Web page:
How Long Will it Take to Finish Your Case?
November 16, 2021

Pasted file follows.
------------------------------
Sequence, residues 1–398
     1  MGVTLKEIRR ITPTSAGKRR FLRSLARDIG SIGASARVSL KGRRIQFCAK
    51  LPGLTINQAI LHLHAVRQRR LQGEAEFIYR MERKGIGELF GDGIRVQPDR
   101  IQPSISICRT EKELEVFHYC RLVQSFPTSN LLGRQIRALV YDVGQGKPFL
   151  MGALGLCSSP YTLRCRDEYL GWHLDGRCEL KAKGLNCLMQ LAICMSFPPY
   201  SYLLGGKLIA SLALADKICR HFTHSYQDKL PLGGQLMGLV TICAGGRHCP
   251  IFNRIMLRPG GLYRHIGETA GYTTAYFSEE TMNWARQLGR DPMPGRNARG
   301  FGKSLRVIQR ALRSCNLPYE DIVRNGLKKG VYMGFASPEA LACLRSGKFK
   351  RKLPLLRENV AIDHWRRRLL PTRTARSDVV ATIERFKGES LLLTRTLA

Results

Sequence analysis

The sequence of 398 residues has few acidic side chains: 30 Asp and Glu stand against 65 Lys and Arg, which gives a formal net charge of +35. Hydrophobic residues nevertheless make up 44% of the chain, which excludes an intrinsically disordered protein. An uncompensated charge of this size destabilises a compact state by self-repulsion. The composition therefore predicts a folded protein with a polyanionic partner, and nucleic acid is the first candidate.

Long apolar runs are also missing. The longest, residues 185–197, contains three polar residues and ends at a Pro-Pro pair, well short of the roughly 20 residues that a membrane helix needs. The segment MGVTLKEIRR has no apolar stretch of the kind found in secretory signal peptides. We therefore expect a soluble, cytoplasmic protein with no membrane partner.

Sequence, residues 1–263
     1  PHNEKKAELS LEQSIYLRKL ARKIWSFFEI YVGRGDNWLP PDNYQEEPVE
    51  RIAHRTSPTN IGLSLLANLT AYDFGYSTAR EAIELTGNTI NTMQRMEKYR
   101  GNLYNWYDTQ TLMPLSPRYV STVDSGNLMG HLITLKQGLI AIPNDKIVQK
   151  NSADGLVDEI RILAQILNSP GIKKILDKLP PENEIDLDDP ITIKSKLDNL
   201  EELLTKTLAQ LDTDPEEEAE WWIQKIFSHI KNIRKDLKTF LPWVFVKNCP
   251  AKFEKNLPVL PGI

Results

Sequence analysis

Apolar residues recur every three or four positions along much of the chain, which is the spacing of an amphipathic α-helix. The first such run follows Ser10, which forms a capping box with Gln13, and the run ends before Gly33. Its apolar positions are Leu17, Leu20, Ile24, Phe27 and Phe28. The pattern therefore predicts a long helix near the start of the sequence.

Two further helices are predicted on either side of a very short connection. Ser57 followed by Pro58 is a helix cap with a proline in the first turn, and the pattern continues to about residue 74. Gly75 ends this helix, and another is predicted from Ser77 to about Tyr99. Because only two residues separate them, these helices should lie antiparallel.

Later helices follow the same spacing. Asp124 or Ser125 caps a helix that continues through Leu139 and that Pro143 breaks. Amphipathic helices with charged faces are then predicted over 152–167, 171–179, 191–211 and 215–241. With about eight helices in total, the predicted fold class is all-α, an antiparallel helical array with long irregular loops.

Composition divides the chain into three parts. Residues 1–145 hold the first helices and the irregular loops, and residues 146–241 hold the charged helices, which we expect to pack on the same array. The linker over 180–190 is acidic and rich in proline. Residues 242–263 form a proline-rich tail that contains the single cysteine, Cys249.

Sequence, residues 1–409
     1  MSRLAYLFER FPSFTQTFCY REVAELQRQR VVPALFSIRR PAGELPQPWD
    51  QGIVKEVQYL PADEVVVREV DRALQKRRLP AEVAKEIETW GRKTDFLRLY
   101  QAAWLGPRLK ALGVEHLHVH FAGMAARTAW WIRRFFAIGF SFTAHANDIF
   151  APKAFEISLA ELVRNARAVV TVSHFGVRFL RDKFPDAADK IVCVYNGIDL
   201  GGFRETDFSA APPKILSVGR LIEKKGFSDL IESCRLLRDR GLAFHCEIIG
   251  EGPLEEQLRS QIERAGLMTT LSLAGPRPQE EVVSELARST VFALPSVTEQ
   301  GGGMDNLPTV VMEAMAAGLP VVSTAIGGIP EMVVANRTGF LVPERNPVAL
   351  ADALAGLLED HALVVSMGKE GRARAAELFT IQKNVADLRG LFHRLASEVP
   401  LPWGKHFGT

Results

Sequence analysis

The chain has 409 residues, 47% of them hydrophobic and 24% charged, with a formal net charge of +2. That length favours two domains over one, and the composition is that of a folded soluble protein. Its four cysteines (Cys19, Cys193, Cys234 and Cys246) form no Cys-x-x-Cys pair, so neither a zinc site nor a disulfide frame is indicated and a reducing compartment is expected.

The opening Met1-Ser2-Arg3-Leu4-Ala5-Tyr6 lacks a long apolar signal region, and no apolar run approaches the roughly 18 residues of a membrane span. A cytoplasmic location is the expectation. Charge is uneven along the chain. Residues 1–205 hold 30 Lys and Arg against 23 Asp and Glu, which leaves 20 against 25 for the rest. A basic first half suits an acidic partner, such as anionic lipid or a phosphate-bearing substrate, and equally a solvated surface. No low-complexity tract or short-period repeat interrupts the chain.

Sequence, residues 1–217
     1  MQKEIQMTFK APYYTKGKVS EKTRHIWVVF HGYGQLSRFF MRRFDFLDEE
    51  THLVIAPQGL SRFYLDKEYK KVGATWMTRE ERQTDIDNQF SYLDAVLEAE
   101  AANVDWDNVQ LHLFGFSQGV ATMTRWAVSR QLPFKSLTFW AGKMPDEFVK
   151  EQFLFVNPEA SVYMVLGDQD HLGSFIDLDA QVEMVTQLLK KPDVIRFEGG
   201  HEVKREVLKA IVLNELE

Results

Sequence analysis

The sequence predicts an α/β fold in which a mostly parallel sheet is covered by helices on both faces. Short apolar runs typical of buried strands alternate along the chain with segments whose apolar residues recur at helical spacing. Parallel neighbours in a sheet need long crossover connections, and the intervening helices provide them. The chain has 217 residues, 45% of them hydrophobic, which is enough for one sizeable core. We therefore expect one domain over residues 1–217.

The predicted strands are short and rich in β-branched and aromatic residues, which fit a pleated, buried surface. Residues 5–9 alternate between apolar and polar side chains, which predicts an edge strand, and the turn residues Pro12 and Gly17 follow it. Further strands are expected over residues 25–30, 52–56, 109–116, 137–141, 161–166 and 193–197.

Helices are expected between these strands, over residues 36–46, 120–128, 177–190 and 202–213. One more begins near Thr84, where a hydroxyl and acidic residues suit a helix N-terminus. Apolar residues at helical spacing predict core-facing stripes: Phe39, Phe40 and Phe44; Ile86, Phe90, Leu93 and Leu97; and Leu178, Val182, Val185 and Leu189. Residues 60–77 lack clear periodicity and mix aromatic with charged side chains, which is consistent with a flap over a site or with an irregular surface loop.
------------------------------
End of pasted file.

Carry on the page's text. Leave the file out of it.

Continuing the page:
Medical malpractice cases typically take longer to prosecute than other types of personal injury cases. This is due to the complex nature of medical malpractice cases including the need to review and analyze voluminous medical records, the necessity of obtaining quality experts prior to the filing of a case, and the amount of discovery your case will require. Because it takes time to make sure you have a valid claim, clients are encouraged to contact a medical malpractice attorney as soon as possible after suspecting you have been a victim of medical malpractice. The longer your attorney and experts have to review your case before the statute of limitations expires, this will increase your opportunity to prevail. As part of this process under Kentucky law your attorney must certify that they have conferred with an expert regarding your case. Under West Virginia law, a Notice of Claim must be served upon the healthcare provider prior to filing suit. This Notice of Claim must include a Certificate of Merit signed by a qualified expert who can testify as to the breach of the standard of care and how that breach of the standard of care caused injury. Once all these preliminary steps have been taken your case will begin to move forward. In Kentucky most Courts require that a trial cannot be scheduled until all of the discovery in your case has been completed. Under West Virginia law, a Scheduling Order is routinely entered in the early stages of a case. Under West Virginia’s Trial Court Rules a trial is generally scheduled within 18 months of the filing of your Complaint. Delays due to the Court’s schedule, disputes over discovery, and other unforeseen events could possibly delay the trial of your case past the 18-month time period. At Pauley Curry we strive to prepare and present your case as quickly as possible. However, we will not sacrifice effectiveness for speed.